One Year or Less: Cloud Computing
The emergence of large “data farms” — specialized data centers that host thousands of servers — has created a surplus of computing resources that has come to be called the cloud. Aspects of computing that used to be considered expensive, like disk storage and computing cycles, are now becoming cheap and ubiquitous. Layered on top of the cloud infrastructure are development platforms that are enabling thin-client, web-based applications for everything from image editing to word processing to music and video manipulation. Specialized applications like Flickr live entirely in the cloud and are unidentifiable as individual machines; there is no single computer, or even specific group of computers, that can be pointed to as housing Flickr, Google, or YouTube. Advances in computer science to ensure redundancy and protection from natural disasters have led to data being shared across many different hosting facilities. As the infrastructure has improved, these cloud-based applications are introducing a new way to think about software and files — and the ways we work with them.
The cloud is the term for networked computers that distribute processing power, applications, and large systems among many machines. Cloud-based applications are, simply, programs that use the cloud as their platform, for data storage, or both. These applications run not on a local computer, or on a single server, but on a distributed cluster of computers. The cloud is not made up of a single set of computers, but refers to any group of machines that are used in this way; it is not tied to a particular location or owner, though many companies have proprietary clouds. “Amazon’s cloud” refers to the computers used by Amazon.com; “the Amazon EC2 cloud” denotes servers that can be leased from Amazon as part of the Elastic Compute (EC2) group; IBM, Microsoft, Cisco, and many other companies offer cloud-based applications hosted on their clouds.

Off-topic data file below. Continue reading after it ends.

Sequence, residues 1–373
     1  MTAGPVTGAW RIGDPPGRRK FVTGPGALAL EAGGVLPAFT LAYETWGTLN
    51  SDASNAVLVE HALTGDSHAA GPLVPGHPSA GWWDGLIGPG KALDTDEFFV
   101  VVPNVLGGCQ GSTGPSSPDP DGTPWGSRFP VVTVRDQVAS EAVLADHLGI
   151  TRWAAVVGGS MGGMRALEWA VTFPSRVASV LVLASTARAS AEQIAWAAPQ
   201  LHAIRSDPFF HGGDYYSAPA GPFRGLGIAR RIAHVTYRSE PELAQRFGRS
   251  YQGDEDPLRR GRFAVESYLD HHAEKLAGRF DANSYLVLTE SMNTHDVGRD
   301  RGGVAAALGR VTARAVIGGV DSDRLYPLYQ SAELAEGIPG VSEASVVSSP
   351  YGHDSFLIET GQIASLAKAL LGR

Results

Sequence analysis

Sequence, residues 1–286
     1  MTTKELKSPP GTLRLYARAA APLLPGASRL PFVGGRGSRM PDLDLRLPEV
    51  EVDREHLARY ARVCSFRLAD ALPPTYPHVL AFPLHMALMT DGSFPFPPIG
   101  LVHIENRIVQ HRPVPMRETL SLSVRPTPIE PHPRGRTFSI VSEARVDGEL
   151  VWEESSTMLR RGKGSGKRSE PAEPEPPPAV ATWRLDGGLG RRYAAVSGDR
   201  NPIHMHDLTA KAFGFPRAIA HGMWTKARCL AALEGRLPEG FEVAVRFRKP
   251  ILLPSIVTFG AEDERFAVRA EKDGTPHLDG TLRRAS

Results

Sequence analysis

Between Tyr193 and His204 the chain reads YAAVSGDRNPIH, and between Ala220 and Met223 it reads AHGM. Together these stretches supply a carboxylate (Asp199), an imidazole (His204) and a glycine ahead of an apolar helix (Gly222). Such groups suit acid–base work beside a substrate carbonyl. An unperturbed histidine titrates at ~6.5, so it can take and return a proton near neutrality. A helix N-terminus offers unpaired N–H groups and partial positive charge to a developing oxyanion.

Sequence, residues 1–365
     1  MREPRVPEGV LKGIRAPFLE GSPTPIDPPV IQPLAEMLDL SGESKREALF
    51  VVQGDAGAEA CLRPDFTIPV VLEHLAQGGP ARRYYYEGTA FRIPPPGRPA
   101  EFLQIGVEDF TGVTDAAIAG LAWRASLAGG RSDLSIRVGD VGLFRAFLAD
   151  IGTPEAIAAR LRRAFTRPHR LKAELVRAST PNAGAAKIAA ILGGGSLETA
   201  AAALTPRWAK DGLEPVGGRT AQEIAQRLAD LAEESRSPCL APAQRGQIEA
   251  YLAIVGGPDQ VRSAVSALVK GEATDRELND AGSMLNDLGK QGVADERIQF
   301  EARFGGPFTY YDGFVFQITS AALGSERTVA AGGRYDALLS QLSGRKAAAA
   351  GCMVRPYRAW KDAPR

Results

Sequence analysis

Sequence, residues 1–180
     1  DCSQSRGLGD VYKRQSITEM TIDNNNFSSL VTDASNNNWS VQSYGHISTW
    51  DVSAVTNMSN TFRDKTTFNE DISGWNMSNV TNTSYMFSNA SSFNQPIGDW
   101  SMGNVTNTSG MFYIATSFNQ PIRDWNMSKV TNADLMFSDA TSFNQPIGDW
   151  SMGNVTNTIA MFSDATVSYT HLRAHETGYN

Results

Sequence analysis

There are three types of services associated with the cloud, two of which include cloud-based applications. The most straightforward set of services from an end-user perspective are cloud-based applications that serve a single function, such as email or productivity applications. Examples of these include Gmail (http://gmail.com), Quicken Online (http://quicken.intuit.com/online-banking-finances.jsp), Google Docs (http://docs.google.com), and Zoho Office (http://www.zoho.com), among others. The next tier is one step removed from this: instead of offering end-user applications, these services offer the infrastructure on which to build such applications, along with the computing power to deliver them. Examples include Google App Engine (http://code.google.com/appengine/), which allows developers to create and host tailored programs using Google’s infrastructure; Heroku (http://heroku.com), which does the same for applications developed in Ruby on Rails; and Joyent (http://joyent.com), which hosts and scales applications in a variety of languages. The final tier of cloud services are those that offer sheer computing resources without a development platform layer, like Amazon’s Elastic Compute Cloud (http://aws.amazon.com/ec2/) or GoGrid (http://www.gogrid.com).